a managed care plan than traditional fee-for-service Medicare. This can cause some confusion about what the Medicare hospice benefit will and will not cover. When a person elects to receive Medicare’s hospice benefit and is admitted to a Medicare-approved hospice program, that program receives a fixed payment for each day of that person’s care (a per diem). In return, the hospice program must provide all the care needed for that person’s terminal illness. This includes:

* Physician services
* Nursing care
* Medical equipment (such as a hospital bed or wheelchair)
* Medical supplies
* Medication to control pain or other symptoms
* Hospice aide and homemaker services
* Physical and occupational therapy
* Speech-language pathology services
* Social worker services
* Dietary counseling
* Grief and loss counseling
* Short-term inpatient care (if pain or other symptoms cannot be controlled at home)
* Short-term respite care (up to 5 days at a time)

Out-of-pocket costs for hospice under Medicare are minimal. There is a $5 copayment for each prescription medication and, if inpatient respite care is needed, there is a charge of 5 percent of the Medicare-approved cost of the stay.

Medicare does not permit hospice programs to pay for some services including:

* Treatments to cure terminal illness
* Prescription medications to cure terminal illness
* Care from a hospice provider that was not arranged by the hospice care team
* Room and board in a nursing home, assisted living facility, or residential hospice
* Emergency room or inpatient hospital care or transportation in an ambulance unless these services have been arranged by the hospice team or are unrelated to the terminal illness

If individuals need care for other health problems that are not related to their terminal illness, then this care is not paid for out of the hospice payment but is covered by their regular Medicare benefit. Individuals may continue to see their regular primary care physician and other health care providers for conditions unrelated to their terminal diagnosis (a podiatrist, for example).

Hospice care also is covered by most private insurance carriers, but check the plan’s benefits to determine the extent of coverage available. As of December 2010, hospice care is covered by 45 of the 50 state Medicaid programs. Unfortunately, states are under tremendous pressure to control their Medicaid costs and several states have dropped hospice coverage from their Medicaid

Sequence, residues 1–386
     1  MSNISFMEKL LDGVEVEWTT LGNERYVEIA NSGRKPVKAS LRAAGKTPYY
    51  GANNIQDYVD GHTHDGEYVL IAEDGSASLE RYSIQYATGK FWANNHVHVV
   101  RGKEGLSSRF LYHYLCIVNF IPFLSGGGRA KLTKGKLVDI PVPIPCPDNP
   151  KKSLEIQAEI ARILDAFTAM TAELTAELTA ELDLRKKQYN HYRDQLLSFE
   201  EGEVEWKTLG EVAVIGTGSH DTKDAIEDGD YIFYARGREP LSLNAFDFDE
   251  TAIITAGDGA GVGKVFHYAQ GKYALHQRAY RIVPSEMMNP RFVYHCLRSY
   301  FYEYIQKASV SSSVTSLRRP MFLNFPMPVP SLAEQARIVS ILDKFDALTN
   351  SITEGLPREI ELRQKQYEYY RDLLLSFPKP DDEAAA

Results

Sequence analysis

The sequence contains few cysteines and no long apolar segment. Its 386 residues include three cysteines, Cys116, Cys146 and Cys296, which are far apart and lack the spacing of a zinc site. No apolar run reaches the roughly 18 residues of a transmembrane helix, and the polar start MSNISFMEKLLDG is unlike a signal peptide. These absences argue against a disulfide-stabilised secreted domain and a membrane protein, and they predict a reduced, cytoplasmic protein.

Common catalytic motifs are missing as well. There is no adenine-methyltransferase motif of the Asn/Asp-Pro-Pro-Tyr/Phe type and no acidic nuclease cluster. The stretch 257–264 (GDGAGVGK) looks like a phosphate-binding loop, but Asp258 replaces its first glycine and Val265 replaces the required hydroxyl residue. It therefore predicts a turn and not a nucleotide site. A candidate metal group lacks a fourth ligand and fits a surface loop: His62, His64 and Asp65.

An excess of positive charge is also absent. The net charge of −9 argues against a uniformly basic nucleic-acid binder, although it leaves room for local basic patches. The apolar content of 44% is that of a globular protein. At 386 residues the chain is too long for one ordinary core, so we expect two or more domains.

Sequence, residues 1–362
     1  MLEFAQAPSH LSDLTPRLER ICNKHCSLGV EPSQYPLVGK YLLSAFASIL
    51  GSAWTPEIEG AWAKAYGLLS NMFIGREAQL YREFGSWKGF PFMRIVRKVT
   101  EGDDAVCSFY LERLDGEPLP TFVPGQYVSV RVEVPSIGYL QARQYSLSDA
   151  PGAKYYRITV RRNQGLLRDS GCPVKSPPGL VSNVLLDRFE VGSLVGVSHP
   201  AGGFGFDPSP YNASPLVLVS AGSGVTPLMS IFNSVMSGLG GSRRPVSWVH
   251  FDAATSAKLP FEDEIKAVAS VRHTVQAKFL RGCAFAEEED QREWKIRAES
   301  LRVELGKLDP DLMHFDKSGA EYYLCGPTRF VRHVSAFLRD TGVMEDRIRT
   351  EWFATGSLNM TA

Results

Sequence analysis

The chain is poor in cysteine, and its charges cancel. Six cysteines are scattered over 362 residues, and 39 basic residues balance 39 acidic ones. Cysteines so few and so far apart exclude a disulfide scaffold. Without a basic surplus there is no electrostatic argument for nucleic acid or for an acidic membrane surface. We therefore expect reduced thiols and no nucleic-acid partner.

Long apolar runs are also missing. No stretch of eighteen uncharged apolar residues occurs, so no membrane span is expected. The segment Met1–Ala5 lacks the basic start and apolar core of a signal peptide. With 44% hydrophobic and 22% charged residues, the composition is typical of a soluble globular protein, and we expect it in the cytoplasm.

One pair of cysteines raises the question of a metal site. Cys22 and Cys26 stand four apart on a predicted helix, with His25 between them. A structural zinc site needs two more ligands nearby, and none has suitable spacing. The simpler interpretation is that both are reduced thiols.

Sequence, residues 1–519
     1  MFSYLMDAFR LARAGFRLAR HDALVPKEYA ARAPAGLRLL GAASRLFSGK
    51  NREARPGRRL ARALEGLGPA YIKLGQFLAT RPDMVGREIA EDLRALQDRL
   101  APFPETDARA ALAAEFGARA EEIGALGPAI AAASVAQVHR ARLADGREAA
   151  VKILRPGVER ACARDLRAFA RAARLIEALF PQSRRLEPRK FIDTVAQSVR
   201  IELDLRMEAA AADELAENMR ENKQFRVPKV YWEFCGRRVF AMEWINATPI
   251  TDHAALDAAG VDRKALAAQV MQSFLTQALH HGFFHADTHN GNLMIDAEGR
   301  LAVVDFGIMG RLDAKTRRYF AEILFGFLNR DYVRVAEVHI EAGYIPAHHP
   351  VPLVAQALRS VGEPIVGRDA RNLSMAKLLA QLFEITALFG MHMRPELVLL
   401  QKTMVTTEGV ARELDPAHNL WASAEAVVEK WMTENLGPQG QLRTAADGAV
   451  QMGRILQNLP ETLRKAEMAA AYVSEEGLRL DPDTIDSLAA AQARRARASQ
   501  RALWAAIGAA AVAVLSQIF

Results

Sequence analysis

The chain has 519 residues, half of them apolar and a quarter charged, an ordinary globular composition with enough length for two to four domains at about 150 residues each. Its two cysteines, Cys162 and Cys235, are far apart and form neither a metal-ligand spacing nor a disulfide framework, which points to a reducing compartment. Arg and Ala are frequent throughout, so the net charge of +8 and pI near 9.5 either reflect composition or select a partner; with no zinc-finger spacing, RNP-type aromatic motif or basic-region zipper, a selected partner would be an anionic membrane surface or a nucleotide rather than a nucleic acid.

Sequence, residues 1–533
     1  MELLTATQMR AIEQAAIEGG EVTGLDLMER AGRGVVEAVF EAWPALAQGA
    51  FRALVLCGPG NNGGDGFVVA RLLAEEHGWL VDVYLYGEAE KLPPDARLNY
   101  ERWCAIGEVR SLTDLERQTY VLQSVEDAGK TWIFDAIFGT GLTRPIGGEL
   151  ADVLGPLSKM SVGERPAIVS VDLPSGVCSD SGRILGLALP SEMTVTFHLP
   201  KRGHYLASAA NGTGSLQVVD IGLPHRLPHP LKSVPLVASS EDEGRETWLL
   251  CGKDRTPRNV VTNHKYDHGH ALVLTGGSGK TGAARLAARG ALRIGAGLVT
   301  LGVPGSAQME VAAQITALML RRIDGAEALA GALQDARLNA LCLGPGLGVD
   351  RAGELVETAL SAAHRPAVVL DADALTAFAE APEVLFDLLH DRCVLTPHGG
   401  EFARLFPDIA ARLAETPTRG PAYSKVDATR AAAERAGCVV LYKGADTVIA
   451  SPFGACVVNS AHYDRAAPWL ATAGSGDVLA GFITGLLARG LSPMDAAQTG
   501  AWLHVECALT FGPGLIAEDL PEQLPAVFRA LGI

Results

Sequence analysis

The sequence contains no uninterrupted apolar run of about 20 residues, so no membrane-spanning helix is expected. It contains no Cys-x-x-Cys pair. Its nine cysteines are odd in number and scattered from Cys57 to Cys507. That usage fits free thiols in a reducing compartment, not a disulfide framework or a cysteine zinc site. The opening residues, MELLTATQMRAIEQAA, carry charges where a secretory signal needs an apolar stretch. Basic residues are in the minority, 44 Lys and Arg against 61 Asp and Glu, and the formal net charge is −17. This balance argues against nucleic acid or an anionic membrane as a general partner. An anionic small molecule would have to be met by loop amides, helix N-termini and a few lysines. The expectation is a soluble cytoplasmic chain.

plans within the last year. Individuals should check with their state’s Medicaid program to find out if it covers hospice services. If an individual decides that he or she no longer want hospice care or does not like a hospice program, that person may dis-enroll or switch to a different hospice program at any time for any reason without penalty.

What to Ask When Choosing a Hospice?
There are many hospice programs available — large and small, for-profit and not-for-profit, those with a religious affiliation and those without. Selecting an appropriate program will take some research. Here are some questions to ask:

* Is the hospice run as a for-profit or not-for-profit business?
* Does the hospice belong to the National Hospice and Palliative Care Organization?
* Does the hospice have experience with LBD patients?
* Does the hospice have experience dealing with patients who have severe delirium or hallucinations?
* Does the hospice have a full-time physician on staff who can be reached for emergencies at night and on weekends and holidays?
* Is the hospice “open- access” — that is will the hospice provide all services and medications that a patient requires for pain control and symptom relief?
* Does the hospice have access to an inpatient hospital in the event that the patient’s symptoms cannot be adequately handled at home?
* Will the hospice covered all the medications that your loved one is currently receiving (provide a list)? What about atypical antipsychotics (which can be quite expensive)?
* What types of bereavement services does the hospice provide (just written pamphlets or individual/group counseling as well)?

LBD places a tremendous burden on families. Palliative and hospice care helps individuals with LBD to maintain the highest possible quality of life and it provides families emotional support as they cope with their loved ones’
progressively debilitating illness. Now widely available and affordable palliative and hospice care are much needed resources for individuals and families affected by LBD.

Additional Resources and Reading
American Academy of Hospice and Palliative Medicine — locate a palliative medicine physician in your state: http://www.palliativedoctors.org

HospiceDirectory.org- locate a hospice program by state or zip code: http://www.hospicedirectory.org

The Hospice Foundation’s Hospice Information Center — lists caregiver’s tools and a reading list: http://www.hospicefoundation.org/

Centers for Medicare and Medicaid Services — Describes Medicare’s hospice benefits in detail:
http://www.medicare.gov/publications/pubs/pdf/02154.pdf

Caring.com – useful resources about all aspects of caregiving including end-of-life care: http://www.caring.com

 

Tau Induced Memory Loss in Alzheimer’s is Reversible